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Yorkshire Pudding (or just Yorkshire) is a baked, savoury batter pudding originating in Yorkshire, England. Normally accompanying beef, potatoes and vegetables, the batter is made from eggs, flour, milk and salt.

The Yorkshire can take one of two forms. Small bun-sized puddings may be put on the plate beside the meal, or larger puddings are baked, which have a sunken centre into which the food is placed - vegetables, meat, gravy and all.

If you are roasting a joint of meat for dinner, the Yorkshires can be placed in the oven for the last 20 minutes for baking.



Preheat an oven to 400 degrees Fahrenheit.

Whisk the flour, salt, eggs and a little milk to make a smooth paste, then mix in the rest of the milk to make a batter. Preheat a little lard or beef dripping in a round tin, or bun tins, then pour in the mixture and cook for 25 minutes or until risen and golden brown.

Lard or dripping are ideal fats for cooking, but a vegetarian version can be made by cooking in oil - although the lower temperature will affect the final result.

When making Yorkshire puddings, I use a recipe that has been passed down from my Grandfather, who was apparently quite the budding chef. My Mum taught me to remember 5-3-1 for the proportions of milk to flour to eggs, as can be seen below.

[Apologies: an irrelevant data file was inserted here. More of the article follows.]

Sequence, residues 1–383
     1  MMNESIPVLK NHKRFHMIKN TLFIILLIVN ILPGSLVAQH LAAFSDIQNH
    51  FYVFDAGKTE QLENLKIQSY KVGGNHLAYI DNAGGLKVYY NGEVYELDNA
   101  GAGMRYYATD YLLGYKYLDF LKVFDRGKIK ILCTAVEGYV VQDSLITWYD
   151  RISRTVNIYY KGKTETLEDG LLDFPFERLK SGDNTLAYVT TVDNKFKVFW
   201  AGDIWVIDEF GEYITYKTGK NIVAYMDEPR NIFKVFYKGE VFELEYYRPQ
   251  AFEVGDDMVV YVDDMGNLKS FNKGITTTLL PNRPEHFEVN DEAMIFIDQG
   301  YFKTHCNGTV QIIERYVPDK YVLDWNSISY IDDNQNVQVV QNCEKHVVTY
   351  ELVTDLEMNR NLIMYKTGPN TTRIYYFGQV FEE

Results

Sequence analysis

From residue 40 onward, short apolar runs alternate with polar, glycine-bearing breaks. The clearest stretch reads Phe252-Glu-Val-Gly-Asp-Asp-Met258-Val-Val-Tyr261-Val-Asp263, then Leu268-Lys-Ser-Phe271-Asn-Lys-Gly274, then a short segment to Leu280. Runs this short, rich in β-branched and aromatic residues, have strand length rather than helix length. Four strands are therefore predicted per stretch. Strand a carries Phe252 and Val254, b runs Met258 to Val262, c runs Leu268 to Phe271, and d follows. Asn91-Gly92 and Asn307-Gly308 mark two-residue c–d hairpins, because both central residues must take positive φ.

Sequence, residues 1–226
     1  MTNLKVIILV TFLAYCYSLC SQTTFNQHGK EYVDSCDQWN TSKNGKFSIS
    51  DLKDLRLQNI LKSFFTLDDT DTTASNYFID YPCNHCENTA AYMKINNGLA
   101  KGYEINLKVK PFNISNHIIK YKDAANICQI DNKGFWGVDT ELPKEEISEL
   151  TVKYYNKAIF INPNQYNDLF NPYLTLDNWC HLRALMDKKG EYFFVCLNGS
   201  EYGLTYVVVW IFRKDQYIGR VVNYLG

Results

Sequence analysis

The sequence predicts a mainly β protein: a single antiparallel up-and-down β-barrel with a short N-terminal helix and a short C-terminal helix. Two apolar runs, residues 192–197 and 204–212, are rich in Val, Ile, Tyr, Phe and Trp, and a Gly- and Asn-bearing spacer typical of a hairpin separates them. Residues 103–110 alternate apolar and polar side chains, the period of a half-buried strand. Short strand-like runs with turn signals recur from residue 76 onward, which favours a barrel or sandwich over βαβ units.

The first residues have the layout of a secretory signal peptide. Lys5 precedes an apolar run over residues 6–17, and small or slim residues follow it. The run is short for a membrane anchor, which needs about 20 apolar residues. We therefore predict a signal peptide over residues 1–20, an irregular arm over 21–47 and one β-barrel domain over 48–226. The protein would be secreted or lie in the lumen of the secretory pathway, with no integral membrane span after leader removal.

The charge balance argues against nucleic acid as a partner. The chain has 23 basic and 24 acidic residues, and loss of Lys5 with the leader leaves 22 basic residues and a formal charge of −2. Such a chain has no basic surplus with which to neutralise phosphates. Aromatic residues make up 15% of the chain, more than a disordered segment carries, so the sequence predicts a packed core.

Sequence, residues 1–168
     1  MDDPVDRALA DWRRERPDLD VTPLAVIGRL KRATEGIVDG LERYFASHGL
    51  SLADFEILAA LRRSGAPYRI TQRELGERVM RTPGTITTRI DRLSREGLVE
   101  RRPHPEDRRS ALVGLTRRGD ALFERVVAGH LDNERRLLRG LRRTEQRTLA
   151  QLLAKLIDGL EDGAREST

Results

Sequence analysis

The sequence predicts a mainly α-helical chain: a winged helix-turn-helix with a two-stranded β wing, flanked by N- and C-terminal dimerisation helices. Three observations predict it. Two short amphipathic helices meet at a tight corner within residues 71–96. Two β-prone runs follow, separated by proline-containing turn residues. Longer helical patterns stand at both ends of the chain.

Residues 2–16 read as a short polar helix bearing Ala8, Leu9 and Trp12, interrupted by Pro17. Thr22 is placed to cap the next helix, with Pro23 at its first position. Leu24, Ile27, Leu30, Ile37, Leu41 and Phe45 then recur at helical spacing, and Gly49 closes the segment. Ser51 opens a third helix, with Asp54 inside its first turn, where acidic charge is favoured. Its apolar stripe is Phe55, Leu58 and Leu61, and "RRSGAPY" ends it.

• 5 fl. oz. of full fat milk
  • 3 heaped tablespoons of plain flour
  • 1 egg
  • large pinch of salt

Whisk it up 'til it's good and smooth and then rest the mixture for as long as you can.

When cooking the puddings you are aiming to get a raised rim, slightly crisp and flat centre. Place some fat in the wells in the pudding tray you are using, I always use some of the fat from the joint that I'm roasting, and get it really hot, almost smoking hot. If you can't do this in the oven put it on the hob.

Divide the mixture into the wells on the pudding tray, and cook at the top of a hot oven. I was always taught not to open the door to check on them during the first ten minutes, presumably as the influx of cold air might deflate them.

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